Microphone. Amplifier. Speaker. These are the three basic parts that makeup hearing aids.
Hearing aids primarily help improve the hearing and speech comprehension of individuals that have hearing loss. This is commonly caused by damage to the sensory cells within the inner ear, otherwise known as hair cells. Individuals at risk to this type of damage include those with certain diseases, aging, injury from noise or even certain medicines.
“People of all ages can suffer from hearing loss,” shared JRMC Ear, Nose and Throat, Dr. W. Thomas Coombe. “At JRMC, we offer a comprehensive communications team that includes audiology, speech therapy and myself.”
Hearing aids provide individuals with help in both quiet and loud situations. These devices magnify sound vibrations that enter the ear. This allows remaining hair cells to change the vibrations into neural signals that travel to the brain.
Three different types of hearing aids exist and work differently depending on if the device is analog or digital.
- Behind-the-ear. This is a device that is commonly used by people of all ages. It includes an ear mold that fits within the outer ear and the electronic portion is held behind the ear. The behind-the-ear aid has been adapted for a more modern approach where the electronic portion is hidden behind the ear completely. It has a narrow tube that inserts into the ear canal and enables the canal to stay open. This allows a person to not feel like their voice sounds ‘plugged up’.
- In-the-ear. These hearing aids include all of its components within the ear mold. In-the-ear aids are commonly worn by adults because the ear grows less in adulthood and the casing wouldn’t need to be replaced as often.
- Canal aids can be purchased in two different styles. The in-the-ear-canal fits in a person’s ear canal, yet still can be visible outside of the outer ear. A completely-in-canal aid is nearly impossible to be seen as it rests completely inside the ear canal.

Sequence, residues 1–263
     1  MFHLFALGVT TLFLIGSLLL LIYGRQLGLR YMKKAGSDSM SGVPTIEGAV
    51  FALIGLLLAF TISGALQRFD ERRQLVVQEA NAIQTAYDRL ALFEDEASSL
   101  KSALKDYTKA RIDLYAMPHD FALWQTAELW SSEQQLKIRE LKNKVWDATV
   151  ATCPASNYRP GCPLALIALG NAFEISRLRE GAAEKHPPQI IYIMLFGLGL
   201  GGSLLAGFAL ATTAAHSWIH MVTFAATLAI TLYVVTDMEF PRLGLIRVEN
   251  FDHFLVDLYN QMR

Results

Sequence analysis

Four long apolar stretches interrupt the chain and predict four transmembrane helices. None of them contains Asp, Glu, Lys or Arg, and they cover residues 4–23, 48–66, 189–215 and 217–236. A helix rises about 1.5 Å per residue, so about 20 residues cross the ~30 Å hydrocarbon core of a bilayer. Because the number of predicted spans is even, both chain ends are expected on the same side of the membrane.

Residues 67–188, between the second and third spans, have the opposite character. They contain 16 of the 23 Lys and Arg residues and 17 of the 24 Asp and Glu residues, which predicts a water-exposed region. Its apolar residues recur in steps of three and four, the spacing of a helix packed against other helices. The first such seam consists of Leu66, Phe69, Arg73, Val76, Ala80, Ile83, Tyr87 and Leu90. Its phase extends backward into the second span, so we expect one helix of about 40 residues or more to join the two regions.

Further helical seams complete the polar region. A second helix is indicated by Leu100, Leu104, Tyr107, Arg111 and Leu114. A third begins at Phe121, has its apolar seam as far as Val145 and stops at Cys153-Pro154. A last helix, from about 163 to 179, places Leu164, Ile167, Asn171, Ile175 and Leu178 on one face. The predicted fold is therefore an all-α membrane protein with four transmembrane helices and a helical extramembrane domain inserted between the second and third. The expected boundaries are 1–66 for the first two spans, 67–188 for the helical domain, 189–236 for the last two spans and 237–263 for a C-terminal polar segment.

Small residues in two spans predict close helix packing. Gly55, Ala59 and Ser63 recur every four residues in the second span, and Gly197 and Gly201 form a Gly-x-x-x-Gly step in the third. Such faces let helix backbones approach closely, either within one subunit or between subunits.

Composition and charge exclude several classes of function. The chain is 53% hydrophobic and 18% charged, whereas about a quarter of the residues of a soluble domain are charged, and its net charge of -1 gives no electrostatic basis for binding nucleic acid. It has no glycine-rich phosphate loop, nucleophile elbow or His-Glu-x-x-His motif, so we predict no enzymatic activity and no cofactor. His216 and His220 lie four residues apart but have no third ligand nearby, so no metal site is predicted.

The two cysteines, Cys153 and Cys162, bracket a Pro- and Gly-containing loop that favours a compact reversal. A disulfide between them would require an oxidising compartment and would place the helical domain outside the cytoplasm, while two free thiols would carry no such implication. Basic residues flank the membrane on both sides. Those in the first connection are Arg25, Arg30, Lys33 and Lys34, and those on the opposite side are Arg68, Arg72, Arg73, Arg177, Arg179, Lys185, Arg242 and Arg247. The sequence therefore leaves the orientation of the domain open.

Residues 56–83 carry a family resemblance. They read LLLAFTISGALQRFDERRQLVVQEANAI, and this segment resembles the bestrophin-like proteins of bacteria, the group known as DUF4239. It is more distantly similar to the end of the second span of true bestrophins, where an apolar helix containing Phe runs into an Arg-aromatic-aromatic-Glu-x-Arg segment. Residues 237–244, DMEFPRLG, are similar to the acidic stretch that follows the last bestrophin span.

To know which hearing aid works best for a person, it is important to note what features would be most useful, if there is a trial period, how long the warranty is and what it covers. In addition to these questions, affordability may also be one addressed. The costs of hearing aids can range from hundreds of dollars to more than $3,500. The following are some ways that may assist in affording hearing aids.
- 21 and under. Hearing aids are often times not covered by insurance. However, for eligible children and young adults, Medicaid pays for the diagnosis and treatment of hearing loss. This also includes coverage of hearing aids. Children may also be covered by their state’s Children’s Health Insurance program.
- Adults are not covered for hearing aids, but their diagnostic evaluations are if ordered by a physician.
- Nonprofit organizations. There are some nonprofit organizations that help assist in the financing of hearing aids. Some organizations may even provide used or refurbished hearing devices.
- North Dakota Department of Veterans Affairs offers funding for hearing aids. Certain qualifications may be required to receive funding. To learn more, visit www.nd.gov/veterans/benefits/hearing.
- Local clubs, chapters and charitable organizations. Certain clubs and local organizations, like the Lions Club, offer assistance requests. Some even have programs that offer help with hearing aids.
“In addition to hearing screenings, a variety of assisted listening devices such as phone amplifiers, television listening devices, vibrating alarms, amplified smoke detectors and more are available to loan to patients,” shared Marissa M. Leese, JRMC audiologist. “We also offer hearing aid fittings and supplies.”
Is someone you love showing signs of hearing loss? Schedule direct: (701) 952-4878.